The former Miss America Pageant contestant has had several 'Billboard' No. 1 dance hits, and will perform during Harrah’s three-day LGBT-themed “Out in AC” event Oct. 29-31
Halloween weekend will be a homecoming of sorts for Kristine W, a singer/songwriter slated to perform two gigs at the Harrah’s Entertainment extravaganza on tap for Oct. 29-31. Dubbed “Out in AC,” the weekend-long LGBT bash will also feature famed gossip blogger Perez Hilton, “Queens of Comedy” comediennes Whitney Cummings, Margaret Cho and Sandra Bernhard, a gala party at The Pool at Harrah's, a Hallo-Queen brunch and more. Each night will conclude with after-hours events for late-night partygoers.
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Kristine W last performed in Atlantic City as Miss Washington in the 1981 Miss America Pageant (winning the pageant’s preliminary swimsuit and non-finalist talent portions). The Seattle native, born Kristine Weitz, went on to a professional career in show business following her A.C. debut, and after graduating from the University of Nevada, Las Vegas with a degree in broadcast journalism.
She released seven albums and achieved 15 No. 1 hits on the Billboard Hot Dance Club songs chart, but her latest release, a two-CD, 30-song compilation called Straight Up with a Twist, came out in September. The Straight Up song list includes soulful spins on such classics as Led Zeppelin’s “Stairway to Heaven,” Donna Summer’s “On the Radio,” the Eagles’ “Take It to the Limit” and others. Many of the other songs she co-wrote or wrote herself, including introspective numbers like “Save My Soul” and “Dream On,” and many of the musicians who back her up have toured with such music luminaries as Carlos Santana, Diana Ross and Paul McCartney.
In the 1980s and ‘90s, before going solo, she performed on the Las Vegas casino circuit with her band "Kristine W and the Sting." Weitz will be part of the second annual “Out in AC” event that includes events at three Harrah’s properties. She will sing dance hits Friday night (starting 10pm) at Showboat-House of Blues’ Club Worship for the Charity Monster party, then perform jazz versions of her hits on Sunday at Caesars’ Forum Lounge for the Hallo-Queen Brunch & Tea Dance (11am-5pm).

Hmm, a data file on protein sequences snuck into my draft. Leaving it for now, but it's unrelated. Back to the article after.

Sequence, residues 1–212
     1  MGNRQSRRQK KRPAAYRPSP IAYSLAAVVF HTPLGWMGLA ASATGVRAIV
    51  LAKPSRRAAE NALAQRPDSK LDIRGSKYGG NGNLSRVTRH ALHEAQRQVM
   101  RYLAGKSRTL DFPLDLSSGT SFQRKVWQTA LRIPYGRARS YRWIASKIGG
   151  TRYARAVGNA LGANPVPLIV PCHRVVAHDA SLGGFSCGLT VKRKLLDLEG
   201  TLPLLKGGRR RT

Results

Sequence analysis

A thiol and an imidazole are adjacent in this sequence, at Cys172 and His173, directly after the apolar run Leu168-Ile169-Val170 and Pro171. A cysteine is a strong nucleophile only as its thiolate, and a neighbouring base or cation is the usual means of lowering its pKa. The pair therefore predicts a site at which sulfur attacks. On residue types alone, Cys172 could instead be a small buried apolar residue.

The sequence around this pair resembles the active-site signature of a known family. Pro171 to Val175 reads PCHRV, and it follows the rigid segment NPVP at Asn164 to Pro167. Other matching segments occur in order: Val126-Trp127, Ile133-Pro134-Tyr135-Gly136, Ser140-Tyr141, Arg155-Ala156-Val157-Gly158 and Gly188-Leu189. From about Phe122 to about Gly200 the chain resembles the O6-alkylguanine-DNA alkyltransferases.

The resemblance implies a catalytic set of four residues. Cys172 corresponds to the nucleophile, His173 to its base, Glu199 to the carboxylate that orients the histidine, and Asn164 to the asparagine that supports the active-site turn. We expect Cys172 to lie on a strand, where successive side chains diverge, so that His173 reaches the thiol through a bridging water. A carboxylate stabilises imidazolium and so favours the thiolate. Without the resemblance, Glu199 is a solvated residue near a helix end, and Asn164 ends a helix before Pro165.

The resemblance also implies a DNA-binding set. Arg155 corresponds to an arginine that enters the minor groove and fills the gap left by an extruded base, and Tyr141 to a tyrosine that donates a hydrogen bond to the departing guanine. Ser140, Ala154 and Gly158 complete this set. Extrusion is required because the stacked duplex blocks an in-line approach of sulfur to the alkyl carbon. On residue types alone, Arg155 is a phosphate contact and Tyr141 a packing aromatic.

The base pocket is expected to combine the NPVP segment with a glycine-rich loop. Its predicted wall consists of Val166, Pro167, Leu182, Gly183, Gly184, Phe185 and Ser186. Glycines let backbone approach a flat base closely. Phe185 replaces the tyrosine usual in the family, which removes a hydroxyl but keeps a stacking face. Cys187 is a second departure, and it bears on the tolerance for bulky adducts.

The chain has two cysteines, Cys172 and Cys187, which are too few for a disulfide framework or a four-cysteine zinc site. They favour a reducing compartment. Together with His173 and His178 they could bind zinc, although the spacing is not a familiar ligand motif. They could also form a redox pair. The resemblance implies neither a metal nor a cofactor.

Atlantic City Weekly recently spoke with Kristine W by phone.
I noticed that Straight Up with a Twist was four years in the making. How come it took that long to produce?
There was the financial element that was part of it. It was expensive to do, and basically my live dance shows financed the jazz project. So we just had to go little by little, and having all the musicians record in the same room at the same time was an ominous task, but a necessary task in order to have a continuity of sound — more like a mood — which was important to me. I didn’t want to just have a record that you cut song by song by song. It had to have a vibe from beginning to end, it had to sound cohesive, and the only way to do that with jazz is if all the musicians get in the same groove, and get to where you’re like playing a live gig. But that can be tricky. It was actually kind of hysterical at times.
It’s on a label called Fly Again Music — is that your own label?
Yes, I started it in 2008 basically out of sheer frustration from being on a corporate label for 10 years. You run all over the country promoting music for a company that you don’t see any money from, or something ridiculous like three cents a download or something, while the corporate executives get rich. Label companies have become professional rip-off artists.